AR-15 Ammo for Home Defense: What Should You Use?

posted on December 20, 2017

You need not look far to find advice on the “perfect” ammunition to use for any given shooting discipline. Unfortunately, what works for one person or situation may be unsuitable for others. I dislike absolutists and, for some reason, a large number of them seem to hang their hats on the subject of defensive ammunition. Rather than pretending to be an authority by providing an “approved” list, I prefer to use common sense in analyzing ammo needs and then point to examples of loads that have a good chance of meeting them.

Analyzing the kind of AR-15 ammo needed for home defense requires thinking about a number of variables. We’ve covered these variables more in-depth elsewhere on Shooting Illustrated, but these concerns all boil down to the kind of defensive environment you’re working in and what limitations exist in each environment. With those limitations in mind, here are a few examples of AR-15 home-defense ammo on the market and what they can do for you:

1. Hornady Critical Defense FTX / TAP Urban

Hornady Manufacturing’s Critical Defense ammo line features reduced flash propellants, nickel-plated cases (easier to see when doing a chamber check) and flex-tip expanding bullets. These projectiles have a soft filler in the bullet’s nose that prevents an expanding cavity from filling up with thick clothing or other performance-inhibiting material. Hornady’s 55- and 73-grain FTX loads are available in .223 Rem.

I hear regular anecdotal reporting of the hunting effectiveness of Hornady’s “Gilded Metal Expanding” or GMX loads in both .223 Rem and 5.56 NATO. But since GMX bullets are designed to both expand and retain maximum weight, they may present a problem with through-shots on relatively thin, bi-pedal predators. The same is definitely true of Hornady’s TAP Urban ammunition, which has a reputation of over-penetrating soft things. Again, there are situations where such penetration may be desirable, but that is entirely dependent on your specific environment.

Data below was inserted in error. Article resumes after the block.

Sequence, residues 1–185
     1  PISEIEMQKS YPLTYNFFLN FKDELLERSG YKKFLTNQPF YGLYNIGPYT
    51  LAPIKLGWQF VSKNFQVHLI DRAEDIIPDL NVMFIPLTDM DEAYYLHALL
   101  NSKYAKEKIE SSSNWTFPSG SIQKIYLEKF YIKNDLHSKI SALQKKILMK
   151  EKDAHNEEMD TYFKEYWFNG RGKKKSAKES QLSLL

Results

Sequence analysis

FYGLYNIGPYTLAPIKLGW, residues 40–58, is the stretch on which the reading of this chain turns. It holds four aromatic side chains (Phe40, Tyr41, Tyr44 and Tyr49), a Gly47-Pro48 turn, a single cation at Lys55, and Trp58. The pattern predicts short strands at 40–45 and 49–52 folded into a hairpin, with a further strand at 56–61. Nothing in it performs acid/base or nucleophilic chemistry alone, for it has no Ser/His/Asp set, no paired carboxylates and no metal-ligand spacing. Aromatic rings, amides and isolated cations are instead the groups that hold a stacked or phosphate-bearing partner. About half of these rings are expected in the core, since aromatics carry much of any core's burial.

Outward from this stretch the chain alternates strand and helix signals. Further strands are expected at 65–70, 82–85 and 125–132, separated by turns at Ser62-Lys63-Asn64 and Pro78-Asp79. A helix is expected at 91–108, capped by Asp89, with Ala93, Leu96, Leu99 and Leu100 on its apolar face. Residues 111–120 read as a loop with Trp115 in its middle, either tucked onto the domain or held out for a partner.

2. Black Hills TSX

Black Hills Ammunition offers two excellent .223 Rem. loads that incorporate Barnes’ very effective Triple Shock Expanding (TSX) bullets. The low-recoil 55-grain load is well-suited for indoor use, and the hard-hitting 62-grain load is an excellent performer, in my experience. TSX bullets are lead-free solids, made to expand and penetrate. At the high velocities commonly encountered at close range, expansion is so pronounced that they tend to stay in their intended targets much better than do other non-fragmenting bullets. Even at lower velocities—whether at long range or from short barrels—TSX bullets tend to expand well.

Remington, Barnes and Trajetech each offer .223 Rem. defensive loads using Barnes’ TSX bullets in various weights too. Cor-Bon offers similar .223 Rem. 55- and 62-grain loads in its Tipped Deep Penetrating Expanding (T-DPX) ammo line.

3. Federal Premium Vital-Shok / Fusion MSR